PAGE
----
The cationic actinide complex [(Et2N)3U][BPh4] is an active catalytic precursor for the selective dimerization of terminal alkynes. The regioselectivity is mainly towards the geminal dimer but for bulky alkyne substituents, the unexpected cis-dimer is also obtained. Mechanistic studies show that the first step in the catalytic cycle is the formation of the acetylide complex [(Et2N)2UCCR][BPh4] with the concomitant reversible elimination of Et2NH, followed by the formation of the alkyne π-complex [(Et2N)2UCCR(RCCH)][BPh4]. This latter complex (R=tBu) has been characterized spectroscopically. The kinetic rate law is first order in organoactinide and exhibits a two domain behavior as a function of alkyne concentration. At low alkyne concentrations, the reaction follows an inverse order whereas at high alkyne concentrations, a zero order is observed. The turnover-limiting step is the CC bond insertion of the terminal alkyne into the actinide-acetylide bond to give the corresponding alkenyl complex with ΔH‡=15.6(3) kcal mol-1 and ΔS‡=-11.4(6) eu. The following step, protonolysis of the uranium-carbon bond of the alkenyl intermediate by the terminal alkyne, is much faster but can be retarded by using CH3CCD, allowing the formation of trimers. The unexpected cis-isomer is presumably obtained by the isomerization of the trans-alkenyl intermediate via an envelope mechanism. A plausible mechanistic scenario is proposed for the oligomerization of terminal alkynes. The cationic complex [(Et2N)3U][BPh4] has been found to be also an efficient catalyst for the hydrosilylation of terminal alkynes. The chemoselectivity and regiospecificity of the reaction depend strongly on the nature of the alkyne, the solvent and the reaction temperature. The hydrosilylation reaction of the terminal alkynes with PhSiH3 at room temperature produced a myriad of products among which the cis- and trans-vinylsilanes, the alkene and the silylalkyne are the major components. At higher temperatures, besides the products obtained at room temperature, the double hydrosilylated alkene, in which the two silicon moieties are connected at the same carbon atom, is obtained. The catalytic hydrosilylation of (TMS)CCH and PhSiH3 with [(Et2N)3U][BPh4] was found to proceed only at higher temperatures. Mechanistically, the key intermediate seems to be the uranium-hydride complex [(Et2N)2U-H][BPh4], as evidenced by the lack of the dehydrogenative coupling of silanes. A plausible mechanistic scenario is proposed for the hydrosilylation of terminal alkynes taking into account the formation of all products.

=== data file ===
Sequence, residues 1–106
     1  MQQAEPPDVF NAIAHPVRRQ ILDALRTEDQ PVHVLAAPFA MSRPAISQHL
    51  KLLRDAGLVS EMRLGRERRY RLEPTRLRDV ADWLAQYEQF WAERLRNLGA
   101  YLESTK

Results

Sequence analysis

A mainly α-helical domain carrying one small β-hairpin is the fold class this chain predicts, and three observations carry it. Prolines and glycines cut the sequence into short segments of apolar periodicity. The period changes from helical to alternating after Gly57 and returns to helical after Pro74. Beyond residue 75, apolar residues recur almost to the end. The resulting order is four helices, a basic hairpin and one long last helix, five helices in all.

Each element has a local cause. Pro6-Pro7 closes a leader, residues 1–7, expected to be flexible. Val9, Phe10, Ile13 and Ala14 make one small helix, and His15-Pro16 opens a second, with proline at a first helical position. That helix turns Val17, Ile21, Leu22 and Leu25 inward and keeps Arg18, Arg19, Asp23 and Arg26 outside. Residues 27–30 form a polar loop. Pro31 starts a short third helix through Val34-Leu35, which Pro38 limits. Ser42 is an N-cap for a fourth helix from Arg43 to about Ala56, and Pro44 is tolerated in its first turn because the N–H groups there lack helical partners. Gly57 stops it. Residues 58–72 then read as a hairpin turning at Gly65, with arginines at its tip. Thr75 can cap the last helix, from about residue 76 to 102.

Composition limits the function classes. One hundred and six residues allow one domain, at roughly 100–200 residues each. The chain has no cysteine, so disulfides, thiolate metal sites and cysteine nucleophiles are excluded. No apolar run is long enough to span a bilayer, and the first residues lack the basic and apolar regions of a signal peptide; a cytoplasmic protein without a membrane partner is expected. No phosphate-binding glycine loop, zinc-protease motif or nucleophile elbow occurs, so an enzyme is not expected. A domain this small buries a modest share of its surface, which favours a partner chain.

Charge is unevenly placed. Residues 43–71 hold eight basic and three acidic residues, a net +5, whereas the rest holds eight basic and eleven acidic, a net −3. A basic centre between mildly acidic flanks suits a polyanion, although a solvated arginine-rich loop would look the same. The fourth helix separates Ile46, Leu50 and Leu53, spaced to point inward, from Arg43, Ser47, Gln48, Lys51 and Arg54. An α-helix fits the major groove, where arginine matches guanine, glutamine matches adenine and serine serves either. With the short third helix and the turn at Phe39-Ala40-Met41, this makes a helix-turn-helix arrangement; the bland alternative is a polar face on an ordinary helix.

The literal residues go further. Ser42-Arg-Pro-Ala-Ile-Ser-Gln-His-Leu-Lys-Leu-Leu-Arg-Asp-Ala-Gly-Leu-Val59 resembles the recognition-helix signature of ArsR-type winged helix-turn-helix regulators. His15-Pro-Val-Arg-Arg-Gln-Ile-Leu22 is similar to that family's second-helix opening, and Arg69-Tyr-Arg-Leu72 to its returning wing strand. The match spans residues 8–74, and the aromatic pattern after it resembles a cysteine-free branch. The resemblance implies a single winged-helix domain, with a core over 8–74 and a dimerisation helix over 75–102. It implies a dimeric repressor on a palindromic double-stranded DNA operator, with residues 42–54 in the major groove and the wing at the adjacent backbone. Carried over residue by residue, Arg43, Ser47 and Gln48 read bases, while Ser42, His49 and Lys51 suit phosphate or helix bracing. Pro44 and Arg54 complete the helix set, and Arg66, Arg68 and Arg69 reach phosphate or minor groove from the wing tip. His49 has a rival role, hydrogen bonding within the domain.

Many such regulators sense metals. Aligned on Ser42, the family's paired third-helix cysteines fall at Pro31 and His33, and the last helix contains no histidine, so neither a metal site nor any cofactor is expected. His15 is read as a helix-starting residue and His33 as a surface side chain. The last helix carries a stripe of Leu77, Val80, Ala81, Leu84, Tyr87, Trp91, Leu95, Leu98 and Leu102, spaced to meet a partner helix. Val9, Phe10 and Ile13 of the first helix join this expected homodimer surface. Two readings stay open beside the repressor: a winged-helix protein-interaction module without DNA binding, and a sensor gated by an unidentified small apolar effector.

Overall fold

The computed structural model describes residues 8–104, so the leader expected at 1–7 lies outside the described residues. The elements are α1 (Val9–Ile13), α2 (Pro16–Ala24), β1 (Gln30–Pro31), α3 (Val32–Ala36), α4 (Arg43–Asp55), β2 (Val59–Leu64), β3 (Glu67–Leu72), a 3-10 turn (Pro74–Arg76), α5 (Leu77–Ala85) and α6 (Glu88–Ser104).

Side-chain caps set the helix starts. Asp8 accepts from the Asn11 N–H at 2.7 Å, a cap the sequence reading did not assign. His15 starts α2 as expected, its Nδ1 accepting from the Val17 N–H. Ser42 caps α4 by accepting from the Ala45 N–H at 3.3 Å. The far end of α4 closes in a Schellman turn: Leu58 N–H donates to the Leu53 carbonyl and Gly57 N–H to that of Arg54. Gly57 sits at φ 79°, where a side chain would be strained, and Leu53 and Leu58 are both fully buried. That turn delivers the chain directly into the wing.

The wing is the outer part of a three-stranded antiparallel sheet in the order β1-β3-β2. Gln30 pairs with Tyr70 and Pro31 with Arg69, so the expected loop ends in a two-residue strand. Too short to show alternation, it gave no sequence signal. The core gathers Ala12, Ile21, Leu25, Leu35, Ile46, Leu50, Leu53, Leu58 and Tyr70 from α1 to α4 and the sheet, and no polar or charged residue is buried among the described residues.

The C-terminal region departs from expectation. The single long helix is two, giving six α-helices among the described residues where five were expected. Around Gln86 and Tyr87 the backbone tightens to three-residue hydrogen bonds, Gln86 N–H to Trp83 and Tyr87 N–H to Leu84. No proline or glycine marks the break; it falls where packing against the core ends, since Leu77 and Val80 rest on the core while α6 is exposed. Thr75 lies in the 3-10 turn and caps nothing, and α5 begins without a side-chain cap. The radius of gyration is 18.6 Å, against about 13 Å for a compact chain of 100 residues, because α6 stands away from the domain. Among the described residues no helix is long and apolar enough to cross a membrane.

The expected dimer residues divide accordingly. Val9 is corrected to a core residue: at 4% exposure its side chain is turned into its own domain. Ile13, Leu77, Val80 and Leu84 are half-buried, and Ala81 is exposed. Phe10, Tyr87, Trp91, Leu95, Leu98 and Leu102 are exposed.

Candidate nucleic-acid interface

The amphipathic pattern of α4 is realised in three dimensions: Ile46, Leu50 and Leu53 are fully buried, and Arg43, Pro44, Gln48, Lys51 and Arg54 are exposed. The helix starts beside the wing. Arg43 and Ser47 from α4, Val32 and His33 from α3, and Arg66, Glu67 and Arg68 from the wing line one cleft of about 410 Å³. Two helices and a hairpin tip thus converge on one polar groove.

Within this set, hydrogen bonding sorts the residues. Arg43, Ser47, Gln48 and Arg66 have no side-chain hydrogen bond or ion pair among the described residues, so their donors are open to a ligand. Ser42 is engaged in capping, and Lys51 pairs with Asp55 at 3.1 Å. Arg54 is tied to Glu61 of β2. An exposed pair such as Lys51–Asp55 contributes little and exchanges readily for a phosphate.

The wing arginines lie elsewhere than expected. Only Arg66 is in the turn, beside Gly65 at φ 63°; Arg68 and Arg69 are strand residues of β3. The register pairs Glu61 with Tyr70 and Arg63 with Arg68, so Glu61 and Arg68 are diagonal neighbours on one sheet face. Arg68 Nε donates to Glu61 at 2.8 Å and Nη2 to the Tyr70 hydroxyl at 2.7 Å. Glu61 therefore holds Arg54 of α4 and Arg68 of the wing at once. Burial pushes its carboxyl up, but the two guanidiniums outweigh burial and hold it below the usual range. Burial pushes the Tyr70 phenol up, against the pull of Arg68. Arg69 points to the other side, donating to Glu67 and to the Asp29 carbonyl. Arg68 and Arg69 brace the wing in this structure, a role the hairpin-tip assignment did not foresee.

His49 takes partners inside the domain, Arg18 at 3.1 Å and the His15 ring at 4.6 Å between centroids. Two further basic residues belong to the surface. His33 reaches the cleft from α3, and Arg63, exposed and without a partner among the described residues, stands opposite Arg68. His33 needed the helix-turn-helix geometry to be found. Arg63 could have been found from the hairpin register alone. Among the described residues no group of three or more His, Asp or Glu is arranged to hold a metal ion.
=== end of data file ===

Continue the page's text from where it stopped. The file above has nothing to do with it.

- Alkyne complexes
- Dimerization of alkynes